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IRA’s Now Vulnerable to Creditors

Estate planning is something that everyone should be doing, not just for yourself but for your loved ones. IRA’s have been a huge part of what many people leave for loved ones. Due to a recent Supreme Court ruling, they are now not protected from creditors, becoming a new consideration when planning your estate.
In a major decision, the Supreme Court ruled this past June that inherited IRAs are not considered protected retirement funds-and are thus subject to creditors’ claims if the beneficiary files for bankruptcy.
In the case of Clark v. Rameker, Heidi Heffron-Clark argued that a $300,000 IRA she inherited from her mother in 2001 qualified as a protected retirement account. As such, she contended, the account was exempt from the claims of creditors after Heffron-Clark and her husband filed for bankruptcy in 2010.
However, under U.S. tax code regarding inherited IRAs, Heffron-Clark was required to withdraw a minimum amount of money from the account each year, even though she is not yet retirement age. Given this, the court decided the account was not a protected retirement fund because the beneficiary wasn’t using it as one.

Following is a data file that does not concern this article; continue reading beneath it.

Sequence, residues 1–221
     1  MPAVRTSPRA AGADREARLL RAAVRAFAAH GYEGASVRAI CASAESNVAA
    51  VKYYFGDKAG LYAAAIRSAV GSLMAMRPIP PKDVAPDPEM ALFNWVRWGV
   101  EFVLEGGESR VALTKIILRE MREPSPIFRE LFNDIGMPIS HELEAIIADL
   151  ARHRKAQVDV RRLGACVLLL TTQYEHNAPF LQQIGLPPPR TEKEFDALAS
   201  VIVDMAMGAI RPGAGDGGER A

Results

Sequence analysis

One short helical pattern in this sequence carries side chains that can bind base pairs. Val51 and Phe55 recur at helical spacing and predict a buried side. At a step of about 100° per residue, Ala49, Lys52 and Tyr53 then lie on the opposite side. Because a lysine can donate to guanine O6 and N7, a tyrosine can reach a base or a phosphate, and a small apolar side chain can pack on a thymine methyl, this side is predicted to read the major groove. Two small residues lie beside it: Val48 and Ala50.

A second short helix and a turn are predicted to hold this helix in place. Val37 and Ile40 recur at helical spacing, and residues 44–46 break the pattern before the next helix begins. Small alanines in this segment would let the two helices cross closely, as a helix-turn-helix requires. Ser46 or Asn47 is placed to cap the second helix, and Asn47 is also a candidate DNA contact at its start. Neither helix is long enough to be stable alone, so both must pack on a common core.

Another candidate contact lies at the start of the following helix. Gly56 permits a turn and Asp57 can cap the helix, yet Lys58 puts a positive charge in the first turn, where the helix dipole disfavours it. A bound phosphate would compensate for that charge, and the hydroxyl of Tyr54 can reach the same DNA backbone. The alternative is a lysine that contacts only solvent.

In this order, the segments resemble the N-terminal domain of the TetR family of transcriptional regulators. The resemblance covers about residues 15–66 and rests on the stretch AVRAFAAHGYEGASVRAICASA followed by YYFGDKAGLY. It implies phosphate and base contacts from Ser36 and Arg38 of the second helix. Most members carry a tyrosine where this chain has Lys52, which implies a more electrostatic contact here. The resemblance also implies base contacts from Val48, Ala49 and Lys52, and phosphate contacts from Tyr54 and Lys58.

Why does that matter?
The Clark v. Rameker decision means that, in the case of bankrupt estates, inherited IRAs will now be considered assets-fully available to satisfy creditors’ claims. If you pass a retirement fund down to a child or grandchild, that inherited money will no longer be protected if your beneficiary must file for bankruptcy.
 
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